The media will be all over this one.
A study came out today in the New England Journal of Medicine that showed that over a 30 year period people's weights were strongly influenced by the weights of their friends and spouses.
The study followed over 12,000 folks and mapped their weights against their "social networks".
Their research states:
It's actually a beautifully put together study - from the writing, to the methodology, to the gorgeous diagrams and slick video on the New England Journal website that demonstrates the social march of obesity over time.
So is it important? Does it tell us anything we don't already know?
I don't think so.
Friendships and marriages tend to be forged over commonalities, over shared pleasures.
What am I getting at?
Marathon running teetotaling vegans are far more likely to be friends with marathon running teetotaling vegans than they are with sedentary, beer swilling carnivores and they're probably alot less likely to marry them too.
I think what this study proves beautifully is that lifestyle dramatically impacts upon weight and that friends and spouses dramatically impact upon lifestyles.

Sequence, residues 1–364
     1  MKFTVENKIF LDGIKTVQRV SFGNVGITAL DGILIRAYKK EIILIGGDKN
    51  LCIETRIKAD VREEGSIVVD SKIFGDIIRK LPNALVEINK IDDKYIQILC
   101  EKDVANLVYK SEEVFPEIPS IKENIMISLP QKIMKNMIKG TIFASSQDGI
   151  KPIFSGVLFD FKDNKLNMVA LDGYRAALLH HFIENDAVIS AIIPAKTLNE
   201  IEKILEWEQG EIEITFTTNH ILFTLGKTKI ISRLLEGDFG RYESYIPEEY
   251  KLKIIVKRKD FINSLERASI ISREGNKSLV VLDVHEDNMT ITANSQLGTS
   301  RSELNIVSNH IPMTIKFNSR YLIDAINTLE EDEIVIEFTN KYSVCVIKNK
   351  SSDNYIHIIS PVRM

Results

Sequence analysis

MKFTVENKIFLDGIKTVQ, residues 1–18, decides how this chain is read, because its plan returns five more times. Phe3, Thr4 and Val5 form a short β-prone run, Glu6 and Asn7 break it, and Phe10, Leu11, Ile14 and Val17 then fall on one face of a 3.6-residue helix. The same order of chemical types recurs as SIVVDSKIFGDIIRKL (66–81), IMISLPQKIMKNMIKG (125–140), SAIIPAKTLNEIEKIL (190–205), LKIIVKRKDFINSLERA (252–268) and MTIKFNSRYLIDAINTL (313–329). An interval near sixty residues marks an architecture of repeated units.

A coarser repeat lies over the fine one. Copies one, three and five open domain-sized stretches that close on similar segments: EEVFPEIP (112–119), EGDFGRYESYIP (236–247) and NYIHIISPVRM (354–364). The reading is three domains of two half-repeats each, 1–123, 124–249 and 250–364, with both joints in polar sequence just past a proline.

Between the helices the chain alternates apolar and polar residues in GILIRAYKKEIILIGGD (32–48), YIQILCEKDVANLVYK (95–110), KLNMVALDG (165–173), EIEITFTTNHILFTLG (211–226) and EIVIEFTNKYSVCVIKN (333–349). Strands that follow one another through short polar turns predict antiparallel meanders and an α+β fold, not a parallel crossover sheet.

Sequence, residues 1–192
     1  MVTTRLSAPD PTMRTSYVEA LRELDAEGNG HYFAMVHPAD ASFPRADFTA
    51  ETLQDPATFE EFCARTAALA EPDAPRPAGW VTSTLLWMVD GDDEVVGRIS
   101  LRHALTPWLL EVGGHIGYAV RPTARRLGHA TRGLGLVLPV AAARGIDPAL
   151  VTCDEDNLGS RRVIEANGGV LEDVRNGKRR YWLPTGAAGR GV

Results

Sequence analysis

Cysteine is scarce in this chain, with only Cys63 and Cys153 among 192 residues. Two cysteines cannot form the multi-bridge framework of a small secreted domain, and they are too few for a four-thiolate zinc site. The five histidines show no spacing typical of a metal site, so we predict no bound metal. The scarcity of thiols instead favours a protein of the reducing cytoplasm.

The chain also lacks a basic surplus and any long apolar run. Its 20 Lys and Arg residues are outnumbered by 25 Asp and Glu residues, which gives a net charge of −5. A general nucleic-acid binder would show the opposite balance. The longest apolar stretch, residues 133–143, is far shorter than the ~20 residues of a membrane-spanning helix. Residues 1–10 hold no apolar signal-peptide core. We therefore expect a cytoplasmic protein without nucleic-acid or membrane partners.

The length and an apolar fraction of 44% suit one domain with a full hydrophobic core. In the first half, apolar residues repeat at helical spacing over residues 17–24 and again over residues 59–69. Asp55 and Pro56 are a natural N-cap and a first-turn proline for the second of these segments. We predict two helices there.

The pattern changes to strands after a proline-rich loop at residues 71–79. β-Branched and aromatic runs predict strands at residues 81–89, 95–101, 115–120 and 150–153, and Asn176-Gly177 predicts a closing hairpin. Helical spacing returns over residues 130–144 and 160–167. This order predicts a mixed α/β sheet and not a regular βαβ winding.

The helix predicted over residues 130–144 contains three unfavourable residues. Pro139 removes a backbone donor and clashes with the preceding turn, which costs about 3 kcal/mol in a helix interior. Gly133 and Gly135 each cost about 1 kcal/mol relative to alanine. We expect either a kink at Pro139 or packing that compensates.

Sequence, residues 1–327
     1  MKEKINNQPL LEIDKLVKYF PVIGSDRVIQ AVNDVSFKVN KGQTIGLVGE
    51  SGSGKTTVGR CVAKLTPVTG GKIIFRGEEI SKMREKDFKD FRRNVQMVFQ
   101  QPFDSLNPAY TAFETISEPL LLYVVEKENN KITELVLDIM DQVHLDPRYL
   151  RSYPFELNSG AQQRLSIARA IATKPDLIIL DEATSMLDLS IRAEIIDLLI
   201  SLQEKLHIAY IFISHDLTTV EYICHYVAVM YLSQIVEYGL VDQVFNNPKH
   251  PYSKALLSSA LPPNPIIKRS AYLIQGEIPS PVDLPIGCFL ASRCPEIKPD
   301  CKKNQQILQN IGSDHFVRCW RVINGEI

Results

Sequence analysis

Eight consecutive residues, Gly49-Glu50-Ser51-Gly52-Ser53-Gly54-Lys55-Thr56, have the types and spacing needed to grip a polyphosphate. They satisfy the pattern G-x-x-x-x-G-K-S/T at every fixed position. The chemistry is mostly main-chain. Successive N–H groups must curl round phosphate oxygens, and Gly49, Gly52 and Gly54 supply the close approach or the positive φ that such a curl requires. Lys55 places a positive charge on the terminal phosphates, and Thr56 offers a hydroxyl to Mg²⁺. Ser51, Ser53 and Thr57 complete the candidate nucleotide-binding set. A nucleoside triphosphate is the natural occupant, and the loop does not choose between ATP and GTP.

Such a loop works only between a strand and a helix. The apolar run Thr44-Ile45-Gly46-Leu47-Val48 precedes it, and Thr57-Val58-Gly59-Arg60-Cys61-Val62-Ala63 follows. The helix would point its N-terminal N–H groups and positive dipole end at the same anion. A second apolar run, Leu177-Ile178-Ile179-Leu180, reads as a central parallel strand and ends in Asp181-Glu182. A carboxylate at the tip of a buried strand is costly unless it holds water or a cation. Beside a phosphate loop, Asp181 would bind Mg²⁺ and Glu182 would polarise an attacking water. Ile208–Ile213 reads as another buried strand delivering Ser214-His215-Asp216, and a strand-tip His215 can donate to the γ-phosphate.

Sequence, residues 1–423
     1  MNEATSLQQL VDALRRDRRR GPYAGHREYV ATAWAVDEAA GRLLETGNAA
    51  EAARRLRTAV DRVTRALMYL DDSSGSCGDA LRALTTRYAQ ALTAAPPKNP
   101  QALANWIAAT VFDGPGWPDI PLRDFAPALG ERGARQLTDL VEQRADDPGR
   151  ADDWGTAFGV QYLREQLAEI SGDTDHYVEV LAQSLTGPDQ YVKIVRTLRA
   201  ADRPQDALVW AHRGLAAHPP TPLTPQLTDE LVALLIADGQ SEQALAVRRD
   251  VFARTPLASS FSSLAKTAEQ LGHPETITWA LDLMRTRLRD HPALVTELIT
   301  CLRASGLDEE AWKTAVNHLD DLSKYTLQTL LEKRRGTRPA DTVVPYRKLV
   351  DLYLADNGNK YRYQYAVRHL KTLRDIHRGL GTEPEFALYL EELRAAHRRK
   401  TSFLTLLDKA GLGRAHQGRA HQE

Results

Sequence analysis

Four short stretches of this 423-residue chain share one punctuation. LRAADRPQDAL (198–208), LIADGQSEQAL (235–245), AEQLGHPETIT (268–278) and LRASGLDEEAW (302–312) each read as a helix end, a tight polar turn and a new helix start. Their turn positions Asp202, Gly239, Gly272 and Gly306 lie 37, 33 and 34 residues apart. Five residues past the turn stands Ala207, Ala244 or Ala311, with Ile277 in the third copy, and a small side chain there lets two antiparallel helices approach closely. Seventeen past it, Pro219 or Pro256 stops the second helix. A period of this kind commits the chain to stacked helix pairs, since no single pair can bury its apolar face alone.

So does this study help with prevention and treatment?
The authors think so,
"The relevance of social influence also suggests that it may be possible to harness this same force to slow the spread of obesity. Network phenomena might be exploited to spread positive health behaviors"I guess what they're getting at is that skinniness may also be socially contagious if harnessed by social networks. Good news is, if the researchers want to, they can simply apply their same statistics and formulae to examine the effects of weight loss in social networks....only problem there is that sustainable weight loss for the most part is a pretty elusive beast.
Bottom line - your friends and spouses likely share your lifestyle more than your neighbours and coworkers, and your lifestyle obviously has a dramatic effect on your weight.
What this study should spur you to do is examine how you spend time with your friends and family. If socializing means going out to dinner all the time or hitting the bars, maybe you can suggest trying some less calorie dense, or even some calorie burning activities.
What this study should not spur you to do is put a sign outside your door that says, "You must be this thin to be my friend".